HOGAN: STATE NOT READY TO LIFT RESTAURANT RESTRICTIONS: Gov. Larry Hogan said Tuesday that even though Maryland’s coronavirus positivity rates have steadily declined for weeks and vaccines have become more readily available it may still be some time before the state lifts capacity restrictions on public establishments such as bars and restaurants, Bryan Renbaum of Maryland Reporter writes.
- Gov. Larry Hogan hailed the improving coronavirus metrics Tuesday and said that Maryland could soon be receiving and administering another COVID-19 vaccine, in another wide-ranging news conference on the virus from the State House, Greg Swatek of the Frederick News Post reports.
- The governor’s press conference is on YouTube, as are all his press conferences, both live and archived.
HOGAN TO LAUNCH LIMITED VACCINE WAITLIST: Two months into the effort to vaccinate the public against COVID-19, the administration of Maryland Gov. Larry Hogan reversed course and said it would launch an official, though limited, waitlist to ease the frustrating hunt for scarce doses, Meredith Cohn and Pamela Wood f the Sun report.
VAXX PROVES ILLUSIVE TO SOME PRIORITIZED MARYLANDERS: Marylanders with intellectual and developmental disabilities have been prioritized to receive COVID-19 immunizations in the current phase of the state’s rollout. But, Hallie Miller and John-John Williams report, with a national vaccine supply shortage and a decentralized, online booking system, many Marylanders — especially older adults, people without computers and those lacking digital skills — have struggled to secure appointments.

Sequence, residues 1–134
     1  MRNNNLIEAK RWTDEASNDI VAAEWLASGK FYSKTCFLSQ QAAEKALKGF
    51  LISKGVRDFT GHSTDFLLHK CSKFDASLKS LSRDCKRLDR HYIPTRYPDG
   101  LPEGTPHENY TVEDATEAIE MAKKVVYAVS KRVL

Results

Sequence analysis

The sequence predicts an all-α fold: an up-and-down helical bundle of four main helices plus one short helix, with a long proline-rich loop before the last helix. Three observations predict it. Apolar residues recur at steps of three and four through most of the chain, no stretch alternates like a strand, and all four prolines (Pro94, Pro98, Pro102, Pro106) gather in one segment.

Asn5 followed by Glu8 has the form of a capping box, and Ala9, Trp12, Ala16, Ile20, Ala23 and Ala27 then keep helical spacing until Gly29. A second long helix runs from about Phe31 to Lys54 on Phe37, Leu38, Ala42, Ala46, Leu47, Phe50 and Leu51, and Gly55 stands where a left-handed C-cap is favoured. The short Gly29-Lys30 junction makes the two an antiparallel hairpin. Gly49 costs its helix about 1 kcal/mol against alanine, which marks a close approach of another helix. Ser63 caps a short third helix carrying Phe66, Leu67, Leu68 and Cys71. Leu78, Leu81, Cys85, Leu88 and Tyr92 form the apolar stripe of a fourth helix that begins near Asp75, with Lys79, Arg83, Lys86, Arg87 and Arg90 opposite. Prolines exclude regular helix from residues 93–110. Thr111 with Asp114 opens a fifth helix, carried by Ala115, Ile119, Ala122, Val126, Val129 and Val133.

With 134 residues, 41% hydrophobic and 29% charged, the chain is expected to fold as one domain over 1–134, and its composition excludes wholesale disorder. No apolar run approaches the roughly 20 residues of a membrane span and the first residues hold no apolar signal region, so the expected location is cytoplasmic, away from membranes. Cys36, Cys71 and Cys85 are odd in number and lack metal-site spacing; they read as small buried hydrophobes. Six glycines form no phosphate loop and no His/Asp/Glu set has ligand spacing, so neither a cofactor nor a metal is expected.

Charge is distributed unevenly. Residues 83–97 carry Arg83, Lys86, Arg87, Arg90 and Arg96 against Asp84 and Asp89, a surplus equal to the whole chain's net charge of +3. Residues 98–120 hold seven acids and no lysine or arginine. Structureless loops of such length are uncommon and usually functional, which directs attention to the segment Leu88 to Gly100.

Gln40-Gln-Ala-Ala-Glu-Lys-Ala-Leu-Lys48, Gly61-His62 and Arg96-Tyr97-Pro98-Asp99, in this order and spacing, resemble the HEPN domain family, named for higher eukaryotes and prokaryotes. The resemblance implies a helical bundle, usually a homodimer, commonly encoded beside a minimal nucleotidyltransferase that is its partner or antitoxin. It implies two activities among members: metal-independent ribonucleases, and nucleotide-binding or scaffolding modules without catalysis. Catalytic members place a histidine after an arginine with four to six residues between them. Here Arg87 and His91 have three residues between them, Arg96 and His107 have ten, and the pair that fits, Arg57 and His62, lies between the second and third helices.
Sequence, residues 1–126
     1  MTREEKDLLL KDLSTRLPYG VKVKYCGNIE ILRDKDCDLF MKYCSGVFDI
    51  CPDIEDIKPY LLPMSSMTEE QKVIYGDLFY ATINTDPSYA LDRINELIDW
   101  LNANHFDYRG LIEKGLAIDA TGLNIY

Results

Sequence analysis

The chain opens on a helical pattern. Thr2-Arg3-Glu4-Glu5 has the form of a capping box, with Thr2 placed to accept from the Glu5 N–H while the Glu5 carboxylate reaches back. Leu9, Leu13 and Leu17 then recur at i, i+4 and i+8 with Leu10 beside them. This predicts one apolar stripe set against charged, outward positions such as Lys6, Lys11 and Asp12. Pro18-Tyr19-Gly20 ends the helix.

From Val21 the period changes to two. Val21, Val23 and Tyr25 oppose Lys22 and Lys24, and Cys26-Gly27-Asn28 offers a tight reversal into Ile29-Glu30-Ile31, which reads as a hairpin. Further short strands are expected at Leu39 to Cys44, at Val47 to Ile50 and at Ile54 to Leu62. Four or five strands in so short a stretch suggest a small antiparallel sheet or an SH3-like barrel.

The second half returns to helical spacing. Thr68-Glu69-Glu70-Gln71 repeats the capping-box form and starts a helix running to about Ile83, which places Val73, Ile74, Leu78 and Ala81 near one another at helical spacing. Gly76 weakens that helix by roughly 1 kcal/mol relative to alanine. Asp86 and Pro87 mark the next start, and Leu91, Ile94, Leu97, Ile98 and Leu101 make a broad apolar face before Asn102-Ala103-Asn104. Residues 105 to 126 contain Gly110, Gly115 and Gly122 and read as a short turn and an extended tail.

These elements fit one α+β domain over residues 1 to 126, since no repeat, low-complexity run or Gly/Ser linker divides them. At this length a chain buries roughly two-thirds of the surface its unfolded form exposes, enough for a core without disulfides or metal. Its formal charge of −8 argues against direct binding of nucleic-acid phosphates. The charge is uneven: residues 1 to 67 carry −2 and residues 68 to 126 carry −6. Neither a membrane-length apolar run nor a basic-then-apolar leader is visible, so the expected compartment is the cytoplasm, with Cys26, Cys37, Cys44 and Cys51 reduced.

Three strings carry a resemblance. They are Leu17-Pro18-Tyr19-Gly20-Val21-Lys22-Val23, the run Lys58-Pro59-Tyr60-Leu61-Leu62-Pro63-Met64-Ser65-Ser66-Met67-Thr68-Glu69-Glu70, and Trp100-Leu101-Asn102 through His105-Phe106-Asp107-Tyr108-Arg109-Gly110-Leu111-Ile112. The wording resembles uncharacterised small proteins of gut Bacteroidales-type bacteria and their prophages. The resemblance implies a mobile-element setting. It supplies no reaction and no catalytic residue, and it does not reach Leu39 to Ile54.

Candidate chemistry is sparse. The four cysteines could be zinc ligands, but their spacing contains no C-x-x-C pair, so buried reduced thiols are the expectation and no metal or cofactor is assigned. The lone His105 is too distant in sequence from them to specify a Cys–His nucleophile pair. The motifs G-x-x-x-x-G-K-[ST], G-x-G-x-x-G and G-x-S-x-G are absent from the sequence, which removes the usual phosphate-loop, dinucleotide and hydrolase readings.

CARROLL COMMISSIONERS QUESTION PROGRAM: Carroll County commissioners talked about how Maryland’s vaccine distribution program is not getting enough shots into arms of those who need it most in Carroll, Bob Blubaugh of the Carroll County Times reports. “I am still not convinced that it is in Carroll County’s best interest, the way it’s being distributed,” President Ed Rothstein, R-District 5, said during Tuesday morning’s Board of Commissioners meeting.
SEVERAL POSITIVE FOR COVID AT STATE HOUSE: There were multiple positive COVID-19 tests at the State House complex on Tuesday, Senate President Bill Ferguson (D-Baltimore City) told his colleagues at the start of the chamber’s floor session Tuesday morning, Josh Kurtz reports in Maryland Matters.
- Six of the Senate’s 47 members missed the chamber’s 11 a.m. floor session, although it wasn’t clear how many of those missing received positive results, how many were quarantining as a precaution because they were a close contact of a potential case or whether any missed the session for other reasons, Bryn Stole and Pamela Wood report in the Sun.
- Ferguson said the tests were part of the surveillance testing program the General Assembly began last month, at the start of the legislative session. Senators are tested twice a week, and staff members are tested weekly, Ovetta Wiggins of the Post reports.
- The 11-member Judicial Proceedings Committee has been meeting in person regularly to debate issues surrounding police reform and accountability, reports Bryan Sears for the Daily Record. “The absences obviously pose logistical challenges, but we’ll press on with our work virtually,” said Sen. Will Smith, D-Montgomery and chairman of the committee.